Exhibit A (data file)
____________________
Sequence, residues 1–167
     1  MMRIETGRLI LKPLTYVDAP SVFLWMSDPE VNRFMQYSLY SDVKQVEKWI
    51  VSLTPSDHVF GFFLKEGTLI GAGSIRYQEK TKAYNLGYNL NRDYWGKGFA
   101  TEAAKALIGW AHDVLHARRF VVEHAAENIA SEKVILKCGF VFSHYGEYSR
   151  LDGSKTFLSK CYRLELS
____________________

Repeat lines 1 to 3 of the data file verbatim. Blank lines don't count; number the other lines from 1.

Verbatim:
Sequence, residues 1–167
     1  MMRIETGRLI LKPLTYVDAP SVFLWMSDPE VNRFMQYSLY SDVKQVEKWI
    51  VSLTPSDHVF GFFLKEGTLI GAGSIRYQEK TKAYNLGYNL NRDYWGKGFA